In the current climate, the cultivation of hemp is illegal under federal law without a Pilot Research growing permit. To many, this is a ludicrous ruling that makes no sense on a commercial or economical basis. After all, Americans actually get a lot of use out of hemp, having used it for clothes, food supplements, construction, and cosmetics for hundreds of years. Hemp is an incredibly useful plant, with the U.S. Congressional Research Service pointing out that it can produce more than 25,000 commercial products.
However, the laws preventing the growth of hemp in the U.S. means that much of it has had to be imported from other countries in recent decades, primarily China, India, and Canada.
If hemp were legal, it would create jobs in the agricultural, labor, transport and manufacturing sectors, and the country would make hundreds of millions of dollars in revenue from the products. When you think of it that way, it seems crazy that hemp has been illegal since the early 1900s. The Hemp Farming Act of 2018, however, might change all of that.
But what is this newly-proposed Act, and what exactly would it achieve? In this article, we’ll be discussing everything you need to know. But first, let’s establish why hemp was ever outlawed in the first place.
Why is hemp illegal in the U.S.?
Hemp belongs to the same genus and species as marijuana – Cannabis sativa. With the criminal status of marijuana being well known since the 1930’s, hemp has also found itself on the wrong side of the law, existing as a Schedule I narcotic since the 1970’s Controlled Substances Act).
However, hemp and marijuana are genetically very distinct plants. Crucially, hemp is legally defined as containing less than 0.3% THC by dry weight. THC (tetrahydrocannabinol) of course is the psychoactive compound that can be found in the cannabis plant, and it is responsible for causing the high associated with marijuana consumption. Since hemp contains very little THC, it can’t actually get you high.
No distinction has been made so far between hemp and marijuana, at least not legally. This has led to all types of Cannabis sativa being illegal, including non-psychoactive hemp which is, as we mentioned earlier, still classified as a Schedule 1 substance (right up there with cocaine, ecstasy, and heroin).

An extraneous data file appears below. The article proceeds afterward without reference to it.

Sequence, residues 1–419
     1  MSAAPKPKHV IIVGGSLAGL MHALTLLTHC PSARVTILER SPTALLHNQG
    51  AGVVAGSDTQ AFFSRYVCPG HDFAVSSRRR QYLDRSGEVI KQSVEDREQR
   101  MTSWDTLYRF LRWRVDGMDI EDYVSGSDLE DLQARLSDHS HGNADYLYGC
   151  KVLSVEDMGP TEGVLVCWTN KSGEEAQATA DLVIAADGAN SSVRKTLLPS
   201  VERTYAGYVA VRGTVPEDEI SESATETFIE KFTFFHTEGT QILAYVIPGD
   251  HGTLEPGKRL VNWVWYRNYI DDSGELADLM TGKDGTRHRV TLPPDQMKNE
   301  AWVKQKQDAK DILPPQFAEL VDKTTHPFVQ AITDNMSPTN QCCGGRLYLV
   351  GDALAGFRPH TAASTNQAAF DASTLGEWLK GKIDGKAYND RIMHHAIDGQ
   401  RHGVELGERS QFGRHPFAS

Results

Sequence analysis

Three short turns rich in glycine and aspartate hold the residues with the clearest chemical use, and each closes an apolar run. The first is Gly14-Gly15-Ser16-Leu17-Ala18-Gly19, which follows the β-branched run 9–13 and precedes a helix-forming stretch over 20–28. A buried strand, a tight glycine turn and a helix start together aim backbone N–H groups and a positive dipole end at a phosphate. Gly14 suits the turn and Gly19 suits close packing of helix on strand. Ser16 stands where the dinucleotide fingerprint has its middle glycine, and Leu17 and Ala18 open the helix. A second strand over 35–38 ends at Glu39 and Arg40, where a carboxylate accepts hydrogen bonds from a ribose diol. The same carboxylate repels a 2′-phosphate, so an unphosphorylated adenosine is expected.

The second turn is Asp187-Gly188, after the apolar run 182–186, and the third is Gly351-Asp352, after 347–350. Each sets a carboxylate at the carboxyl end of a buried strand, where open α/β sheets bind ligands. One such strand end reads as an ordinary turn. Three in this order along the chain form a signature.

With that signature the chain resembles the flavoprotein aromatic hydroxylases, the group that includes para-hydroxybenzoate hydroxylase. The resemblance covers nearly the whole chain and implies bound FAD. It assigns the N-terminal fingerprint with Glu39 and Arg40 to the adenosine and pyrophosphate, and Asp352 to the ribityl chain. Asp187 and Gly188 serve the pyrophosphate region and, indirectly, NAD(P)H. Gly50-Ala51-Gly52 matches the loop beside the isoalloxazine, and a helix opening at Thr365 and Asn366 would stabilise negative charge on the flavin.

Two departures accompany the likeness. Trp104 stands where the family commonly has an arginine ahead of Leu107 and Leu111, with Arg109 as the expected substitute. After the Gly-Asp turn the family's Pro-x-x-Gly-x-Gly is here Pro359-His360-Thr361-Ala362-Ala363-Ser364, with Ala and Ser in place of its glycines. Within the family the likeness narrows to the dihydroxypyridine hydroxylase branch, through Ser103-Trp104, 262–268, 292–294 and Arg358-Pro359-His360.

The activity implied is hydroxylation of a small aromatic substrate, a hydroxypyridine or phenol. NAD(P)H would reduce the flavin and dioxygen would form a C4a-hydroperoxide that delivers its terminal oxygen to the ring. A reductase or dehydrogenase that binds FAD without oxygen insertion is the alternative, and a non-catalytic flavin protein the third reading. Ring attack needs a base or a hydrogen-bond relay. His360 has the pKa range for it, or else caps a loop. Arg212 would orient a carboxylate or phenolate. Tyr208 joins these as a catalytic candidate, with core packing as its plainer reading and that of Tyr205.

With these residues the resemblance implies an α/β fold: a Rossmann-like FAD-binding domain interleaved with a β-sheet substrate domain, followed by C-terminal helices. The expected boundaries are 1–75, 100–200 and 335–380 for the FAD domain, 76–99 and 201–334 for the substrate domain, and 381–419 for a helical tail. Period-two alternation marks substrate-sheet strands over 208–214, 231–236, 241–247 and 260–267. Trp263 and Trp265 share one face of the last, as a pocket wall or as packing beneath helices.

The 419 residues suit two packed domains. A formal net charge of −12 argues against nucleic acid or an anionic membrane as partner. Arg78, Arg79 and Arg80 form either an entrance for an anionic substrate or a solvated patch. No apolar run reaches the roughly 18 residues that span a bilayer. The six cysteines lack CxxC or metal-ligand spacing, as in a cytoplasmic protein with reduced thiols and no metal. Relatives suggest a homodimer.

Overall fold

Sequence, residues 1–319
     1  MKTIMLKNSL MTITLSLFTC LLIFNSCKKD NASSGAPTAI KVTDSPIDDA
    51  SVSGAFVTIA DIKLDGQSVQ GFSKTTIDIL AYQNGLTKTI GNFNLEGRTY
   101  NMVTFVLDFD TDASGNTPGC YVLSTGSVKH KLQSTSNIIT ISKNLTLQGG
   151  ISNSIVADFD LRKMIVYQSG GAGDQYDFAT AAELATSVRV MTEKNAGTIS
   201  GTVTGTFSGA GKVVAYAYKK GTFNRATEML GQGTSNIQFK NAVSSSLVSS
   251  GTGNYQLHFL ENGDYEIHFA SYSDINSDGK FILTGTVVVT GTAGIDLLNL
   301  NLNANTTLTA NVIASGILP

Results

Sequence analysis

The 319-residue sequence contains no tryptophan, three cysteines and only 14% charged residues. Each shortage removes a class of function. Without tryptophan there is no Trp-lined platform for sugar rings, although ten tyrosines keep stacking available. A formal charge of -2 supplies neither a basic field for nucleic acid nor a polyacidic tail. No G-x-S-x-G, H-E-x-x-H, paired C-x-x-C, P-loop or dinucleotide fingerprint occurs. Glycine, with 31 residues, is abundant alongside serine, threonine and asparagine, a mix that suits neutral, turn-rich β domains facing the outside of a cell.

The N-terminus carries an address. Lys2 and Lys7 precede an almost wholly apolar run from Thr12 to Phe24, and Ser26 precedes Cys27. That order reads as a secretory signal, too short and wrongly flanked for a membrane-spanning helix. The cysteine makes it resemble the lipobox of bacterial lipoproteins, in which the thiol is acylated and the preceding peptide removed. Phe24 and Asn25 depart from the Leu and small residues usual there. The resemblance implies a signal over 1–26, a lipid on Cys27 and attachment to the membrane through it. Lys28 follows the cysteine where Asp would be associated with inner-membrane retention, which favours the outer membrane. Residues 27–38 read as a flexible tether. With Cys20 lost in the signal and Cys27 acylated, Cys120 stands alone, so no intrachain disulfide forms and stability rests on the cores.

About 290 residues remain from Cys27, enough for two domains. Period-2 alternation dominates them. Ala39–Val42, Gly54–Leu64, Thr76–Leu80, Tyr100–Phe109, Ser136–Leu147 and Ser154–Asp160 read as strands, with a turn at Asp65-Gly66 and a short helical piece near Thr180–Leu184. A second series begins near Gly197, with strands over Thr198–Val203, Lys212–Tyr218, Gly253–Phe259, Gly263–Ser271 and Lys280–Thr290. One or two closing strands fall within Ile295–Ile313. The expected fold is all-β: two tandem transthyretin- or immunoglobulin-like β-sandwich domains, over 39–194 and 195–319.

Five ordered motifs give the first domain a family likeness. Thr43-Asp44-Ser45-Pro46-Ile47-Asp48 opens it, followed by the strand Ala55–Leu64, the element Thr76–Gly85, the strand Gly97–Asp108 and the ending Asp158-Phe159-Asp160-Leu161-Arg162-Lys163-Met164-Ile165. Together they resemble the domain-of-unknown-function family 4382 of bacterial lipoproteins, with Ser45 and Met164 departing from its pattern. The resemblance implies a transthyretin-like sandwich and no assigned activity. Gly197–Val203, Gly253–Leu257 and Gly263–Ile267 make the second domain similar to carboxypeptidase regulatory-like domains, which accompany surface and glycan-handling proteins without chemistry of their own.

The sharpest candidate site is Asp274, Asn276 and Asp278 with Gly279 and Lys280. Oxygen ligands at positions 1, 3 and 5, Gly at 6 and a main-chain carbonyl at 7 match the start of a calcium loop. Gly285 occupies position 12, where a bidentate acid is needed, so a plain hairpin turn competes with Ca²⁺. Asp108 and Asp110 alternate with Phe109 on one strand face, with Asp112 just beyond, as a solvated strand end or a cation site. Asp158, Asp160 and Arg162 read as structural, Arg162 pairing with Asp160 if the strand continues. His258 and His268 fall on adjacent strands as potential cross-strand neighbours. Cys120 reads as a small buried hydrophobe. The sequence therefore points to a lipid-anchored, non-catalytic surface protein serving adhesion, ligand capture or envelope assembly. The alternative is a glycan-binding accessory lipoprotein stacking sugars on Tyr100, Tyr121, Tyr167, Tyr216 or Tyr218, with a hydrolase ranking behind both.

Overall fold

Finally, however, it looks like the government might be coming to terms with the crucial differences between hemp and marijuana, and taking advantage of hemp’s large-scale commercial and medicinal appeal.
What is the 2018 Hemp Farming Act?
The Hemp Farming Act of 2018 is a standalone bill, but it forms a part of the broader U.S. Farm Bill, which covers a range of agricultural and food legislation policies.
Republican Senate leader Mitch McConnell (KY), along with Oregon Senators Ron Wyden and Jeff Merkley, is responsible for drafting the language of this bill, which was first introduced to Congress on April 12, 2018. It will go into effect if signed by President Trump.
As it currently stands, the production, cultivation, and commercialization of hemp is only legal for particular organizations that have received temporary approval through Pilot Research opportunities. This is due to the 2014 Farm Bill.
Under this bill, it is very hard to gain insurance and financial backing for hemp cultivation, meaning most American farmers don’t really see any appeal to try.